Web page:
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BIFAs Suggest U.K. Film Industry Is Healthy, but Producers Face Challenges

Kudos show suggests U.K. film industry is healthy, but producers face challenges

Yorgos Lanthimos’ “The Favourite” is leading the field in what looks like a banner year for the British Independent Film Awards, but amid the celebrations, producers are grappling with unprecedented change.

The BIFAs are a bellwether for the U.K. biz. “We see it as a health check on what things are looking like — there is always a lot of talk of trying to build a platform for newer filmmakers and to make the industry more representative of the nation — and what this does is give a snapshot of where are,” BIFA board member Deena Wallace says.

Film4’s head of creative Ollie Madden is impressed by the spread of films this year and the awards’ overall development. “In the past there has been a little bit of a tension between wanting to retain its indie spirit and wanting to be a slick-enough and heavyweight enough awards ceremony to attract the [major] talent,” he says. “They are really getting that balance right now.” Film4 racked up 58 noms, sweeping the helmer, scribe and pic categories. It is crucial to the health of the sector during what the British Film Institute characterizes as a “transformational moment.” In a report on the British indie biz earlier this year it said the traditional model for indie film “is no longer fit for purpose.” Key areas for action it outlined including maximizing the value of rights, growing younger audiences, and launching funds for neophyte film firms and for development.

Breaking new ground is, paradoxically, one way to cut through in a climate of risk aversion, says Ed Guiney, co-founder of Element Pictures, producer of “The Favourite” and “Disobedience,” which have a combined 18 BIFA noms.

“You have to lean into the unique, the different, and the unexplored. That ethos combined with a commitment to talent at the center of it has served us well.” Co-founder Andrew Lowe adds the realities of indie film make an international perspective essential.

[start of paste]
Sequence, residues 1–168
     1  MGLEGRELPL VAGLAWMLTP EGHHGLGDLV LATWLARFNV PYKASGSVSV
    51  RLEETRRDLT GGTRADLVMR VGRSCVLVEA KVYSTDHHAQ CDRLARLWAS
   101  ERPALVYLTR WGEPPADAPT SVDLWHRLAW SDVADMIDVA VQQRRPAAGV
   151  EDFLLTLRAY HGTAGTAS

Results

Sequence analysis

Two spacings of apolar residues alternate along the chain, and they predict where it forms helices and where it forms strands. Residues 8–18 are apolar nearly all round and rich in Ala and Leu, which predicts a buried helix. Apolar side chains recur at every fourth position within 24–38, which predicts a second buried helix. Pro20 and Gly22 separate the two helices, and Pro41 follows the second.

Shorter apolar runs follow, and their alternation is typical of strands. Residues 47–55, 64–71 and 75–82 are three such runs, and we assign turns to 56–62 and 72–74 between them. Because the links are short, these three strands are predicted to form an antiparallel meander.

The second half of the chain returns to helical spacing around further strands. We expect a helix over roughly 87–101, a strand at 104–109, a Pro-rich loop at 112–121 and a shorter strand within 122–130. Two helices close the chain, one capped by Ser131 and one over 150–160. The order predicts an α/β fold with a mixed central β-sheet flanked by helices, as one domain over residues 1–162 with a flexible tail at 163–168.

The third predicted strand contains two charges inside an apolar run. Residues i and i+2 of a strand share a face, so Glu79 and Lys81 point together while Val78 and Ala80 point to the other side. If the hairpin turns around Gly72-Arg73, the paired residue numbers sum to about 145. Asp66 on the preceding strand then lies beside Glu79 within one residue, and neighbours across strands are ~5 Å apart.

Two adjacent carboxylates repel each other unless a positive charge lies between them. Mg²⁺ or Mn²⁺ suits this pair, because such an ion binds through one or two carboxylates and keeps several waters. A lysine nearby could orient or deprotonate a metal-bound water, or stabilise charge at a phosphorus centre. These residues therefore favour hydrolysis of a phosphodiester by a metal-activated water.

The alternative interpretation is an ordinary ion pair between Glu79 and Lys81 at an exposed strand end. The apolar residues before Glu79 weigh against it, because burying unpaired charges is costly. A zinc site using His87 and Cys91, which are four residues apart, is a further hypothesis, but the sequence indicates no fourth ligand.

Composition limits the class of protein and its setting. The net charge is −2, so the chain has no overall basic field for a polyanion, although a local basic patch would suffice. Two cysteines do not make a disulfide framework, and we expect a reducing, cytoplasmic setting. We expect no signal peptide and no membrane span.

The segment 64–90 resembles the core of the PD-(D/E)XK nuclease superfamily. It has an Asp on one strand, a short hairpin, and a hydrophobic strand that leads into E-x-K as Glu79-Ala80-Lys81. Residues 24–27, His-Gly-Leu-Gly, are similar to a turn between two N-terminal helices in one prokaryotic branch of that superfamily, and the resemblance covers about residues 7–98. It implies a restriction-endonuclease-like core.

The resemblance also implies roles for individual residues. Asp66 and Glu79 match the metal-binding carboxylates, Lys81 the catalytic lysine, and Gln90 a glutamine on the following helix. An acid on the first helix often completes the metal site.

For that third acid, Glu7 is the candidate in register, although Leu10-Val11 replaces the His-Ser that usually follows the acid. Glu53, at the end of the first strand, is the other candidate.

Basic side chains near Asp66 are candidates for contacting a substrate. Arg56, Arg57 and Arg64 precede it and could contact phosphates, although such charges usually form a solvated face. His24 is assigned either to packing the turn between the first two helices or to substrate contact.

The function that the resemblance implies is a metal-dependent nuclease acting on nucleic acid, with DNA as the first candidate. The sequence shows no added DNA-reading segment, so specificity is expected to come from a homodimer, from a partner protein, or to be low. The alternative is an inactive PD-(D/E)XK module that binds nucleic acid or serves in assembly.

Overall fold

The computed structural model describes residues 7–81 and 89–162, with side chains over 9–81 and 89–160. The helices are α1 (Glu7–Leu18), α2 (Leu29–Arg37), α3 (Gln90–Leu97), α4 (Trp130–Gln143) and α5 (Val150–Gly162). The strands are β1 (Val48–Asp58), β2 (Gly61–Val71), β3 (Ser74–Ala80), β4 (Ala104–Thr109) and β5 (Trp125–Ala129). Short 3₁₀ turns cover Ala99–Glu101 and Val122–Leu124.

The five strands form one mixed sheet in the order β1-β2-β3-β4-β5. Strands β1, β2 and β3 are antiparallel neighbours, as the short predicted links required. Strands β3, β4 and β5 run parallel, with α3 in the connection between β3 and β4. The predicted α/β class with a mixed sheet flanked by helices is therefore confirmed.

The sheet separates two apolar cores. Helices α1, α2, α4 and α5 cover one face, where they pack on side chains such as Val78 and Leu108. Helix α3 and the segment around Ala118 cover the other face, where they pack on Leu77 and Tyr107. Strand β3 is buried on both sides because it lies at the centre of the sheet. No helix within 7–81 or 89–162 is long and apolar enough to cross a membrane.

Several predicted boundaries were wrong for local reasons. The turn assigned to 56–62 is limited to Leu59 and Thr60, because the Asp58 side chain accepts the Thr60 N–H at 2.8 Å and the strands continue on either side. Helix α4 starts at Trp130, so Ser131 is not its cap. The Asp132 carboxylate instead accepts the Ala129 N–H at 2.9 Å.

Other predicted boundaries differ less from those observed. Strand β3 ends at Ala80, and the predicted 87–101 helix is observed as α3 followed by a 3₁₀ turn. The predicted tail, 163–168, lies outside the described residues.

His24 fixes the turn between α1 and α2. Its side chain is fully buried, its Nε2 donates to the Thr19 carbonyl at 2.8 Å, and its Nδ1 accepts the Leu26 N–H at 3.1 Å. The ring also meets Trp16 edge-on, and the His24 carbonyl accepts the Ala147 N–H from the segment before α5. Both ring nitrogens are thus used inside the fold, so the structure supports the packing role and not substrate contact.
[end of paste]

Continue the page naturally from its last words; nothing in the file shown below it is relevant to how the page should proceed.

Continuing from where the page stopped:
“It’s always difficult to make a film; if you are going to go through the pain of that, you want the elements together to get it out to as big a market as possible internationally rather than just doing it for a domestic audience,” he says. “That’s not sustainable anymore.” Bringing through a new generation of thoroughbreds is a challenge. The wider issues facing the business are exacerbated for debut filmmakers. There are notable exceptions, such as Matt Palmer’s “Calibre,” which has three BIFA noms.

Producer Al Clark says the battle to get features with first-time directors becomes harder still for a film such as “Calibre.” “This was genre, so gets caught between folks saying, ‘it’s genre, therefore the market should pay for it,’ meaning you should go out and presell it, but not being able to do that because it’s a debut director,” he says.

Ultimately, Netflix picked it up as an original. After winning the best British film prize at the Edinburgh Film Festival, “Calibre” launched globally on the platform, which remains both disruptor-in-chief and a potential savior for indie films. Clark says the film’s team had to have a “big conversation” about how they wanted it to be seen. “We came to the conclusion we’d rather millions of people watch it than a country-by-country theatrical release, if we were lucky. It’s in 135 million homes worldwide.

It’s a leveller.” Film4 is committed to making at least four films from debut directors a year; Michael Pearce’s “Beast,” which has 10 BIFA noms, is a recent example.

“There is a huge opportunity for homegrown, authentic, relevant British films that speak to a young audience to work at the box office, and there has been a problem in terms of not enough of those kind of films being made,” Madden says. He thinks that a sideways look at the British music scene gives reason to be optimistic, with the emergence of grime and local hip-hop as examples of how British-originated artists can authentically connect with an audience.

With the BFI, Film4 and BBC Films, there is support for emerging talent, but producers say the system can feel exclusive.

“There’s a certain etiquette to how the support system for films work in the U.K. — and you’re either in the clique, or you’re not,” says Merlin Merton, a producer on “Butterfly Kisses.” “Films are risky by nature, and unfortunately the U.K. film industry is not built up to take those risks … there are a ton of highly talented creatives all dotted around the U.K. struggling to get something exciting, as opposed to compromised and apologetic, off the ground.” British indie film is clearly adapting to some sobering challenges, but come the BIFAs, champagne will be flowing as the awards celebrate the best the business has to offer.

“You are seeing some of the mini-majors and independent distributors really taking it seriously and making sure they support their talent, because it’s a key date in the awards calendar now,” Madden says.

Photo: The team behind “Calibre,” which has three BIFA noms, opted for worldwide distribution via Netflix rather than a theatrical release.

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